ELIZABETHTON — Carter County may have set a dubious record Wednesday, when three alleged methamphetamine manufacturing operations were uncovered.
Sgt. Harmon Duncan of the Carter County Sheriff’s Department said the activity began Tuesday night when the Elizabethton Police Department made three arrests on methamphetamine charges.
Kathy Lynne Hilton, 42, 149 John Alfred Loop; Jorge Juan Shoun, 40, 149 John Alfred Loop; and Darrell David Lewis, 40, 191 Old Stoney Creek Road, were arrested by Elizabethton officers on charges of promotion of methamphetamine manufacture and conspiracy to manufacture schedule II narcotics.
The Elizabethton officers contacted Duncan because it was believed the three suspects were operating out of a location on John Alfred Loop in the county.
At 8 a.m. Wednesday, Duncan and Deputy Matt Ainsworth went to 149 John Alfred Loop, the residence of Kathy Hilton, who had been released from jail on bond. Approaching the residence, Duncan said he passed a burn pile in the yard. He said he saw the remnants of partially burned plastic bottles containing a solid residue.
Duncan and Ainsworth talked with Hilton and obtained her consent to search her home and property. Agent Kelly Huff from the sheriff’s department’s drug unit arrived to assist during the search. Both Duncan and Huff are certified clandestine methamphetamine lab technicians.
Duncan said several items were recovered from the exterior of the residence that were recognized by the trained officers to be indicative of meth manufacture using the one-pot method.
The Tennessee Meth Task Force Hazardous Wast Disposal Unit was dispatched to the location. Lt. Mike Little and Lt. Patrick Johnson of the sheriff’s department assisted in the investigation.
Duncan said “a huge volume of trash in the yard and outbuildings were searched, recovering even more components of meth manufacture to include sale, ammonium nitrate, cut lithium batteries, lithium residue, drain cleaner, lye, acetone and camp fuel.”
Several “gasser” bottles and “cook” bottles were also recovered and their toxic contents neutralized.
No arrests were made at the time, pending the results of further investigation.
While the investigation on John Alfred Loop was going on, Duncan received a call from Carter County 911 informing him that Deputy Mike Freeman had responded to 1806 Highway 91 to check on a black backpack found on private property that might hold a portable meth lab.
When they completed their work on John Alfred Loop, Duncan, Ainsworth and Huff, along with the meth task force, went to Freeman’s location. Huff determined the backpack contained a mobile lab, missing only camp fuel and cold pills.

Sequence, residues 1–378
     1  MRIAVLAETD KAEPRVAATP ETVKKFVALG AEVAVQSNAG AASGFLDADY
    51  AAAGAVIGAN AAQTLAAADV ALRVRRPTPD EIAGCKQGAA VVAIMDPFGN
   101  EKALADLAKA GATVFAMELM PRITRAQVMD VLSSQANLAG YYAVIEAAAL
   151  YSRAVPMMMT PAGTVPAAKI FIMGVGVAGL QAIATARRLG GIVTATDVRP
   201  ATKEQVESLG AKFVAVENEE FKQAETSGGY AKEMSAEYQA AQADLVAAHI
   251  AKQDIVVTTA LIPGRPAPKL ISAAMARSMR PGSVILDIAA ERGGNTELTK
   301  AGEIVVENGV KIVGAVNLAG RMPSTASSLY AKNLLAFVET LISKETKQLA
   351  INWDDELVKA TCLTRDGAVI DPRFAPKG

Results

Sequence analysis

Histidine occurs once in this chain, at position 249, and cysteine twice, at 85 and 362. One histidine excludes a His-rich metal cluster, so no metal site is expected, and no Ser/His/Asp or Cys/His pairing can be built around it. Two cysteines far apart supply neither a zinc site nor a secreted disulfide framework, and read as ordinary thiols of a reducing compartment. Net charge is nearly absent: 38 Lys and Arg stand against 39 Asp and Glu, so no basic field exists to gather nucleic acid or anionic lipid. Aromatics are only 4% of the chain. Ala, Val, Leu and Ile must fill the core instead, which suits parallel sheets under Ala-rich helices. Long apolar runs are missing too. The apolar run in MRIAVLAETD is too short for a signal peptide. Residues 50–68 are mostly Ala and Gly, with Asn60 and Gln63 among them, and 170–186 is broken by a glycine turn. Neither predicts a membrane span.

There was evidence a few yards away from the backpack of a car crash that had been investigated by the Tennessee Highway Patrol Monday night. The accident report indicated the driver was Dwayne Edward Oliver. Duncan said Oliver had previously been arrested on meth-related charges. He was also the subject of a joint investigation with the Elizabethton Police Department on recent purchases of cold tablets containing psuedoephedrine, lithium batteries and other components used in methamphetamine manufacturing.
Duncan said the investigation is continuing and no arrests have been made.
When the officers cleared the scene from the second meth lab investigation, Duncan said they went to a location on Sneed Hill Road, where a worker at a private home had reported seeing several plastic bottles in the woods that were suspected to have been involved in meth manufacturing.
The Carter County Drug Unit and the Meth Task Force truck arrived, where they found a roadside meth dump. Duncan said it is common practice for meth manufacturers to toss cook bottles and gasser bottles from moving vehicles. He said cook bottles almost always have residue of lithium and fuel solvent remaining in them, which can react violently and possibly catch fire if disturbed, even after laying somewhere for days or even weeks.
Duncan said no one should pick up a plastic bottles found along the road that contained unusual residue inside. He said they should call 911 and report the location. He said in addition to possible fires, the bottles can also emit acidic hydrogen chloride gas.
Lt. Mike Little said that while it is certainly uncommon to recover three meth labs in the same day in Carter County, it is always a possibility. Carter County has had reported the discovery of 10 meth labs since Jan. 1.
Sheriff Chris Mathes said the number of meth labs uncovered in Carter County places it among the top counties in the state. He said that is not just an indication of how many meth labs there are in the county, but also the aggressive stance the department has taken toward identifying meth manufacturers and investigating their operations.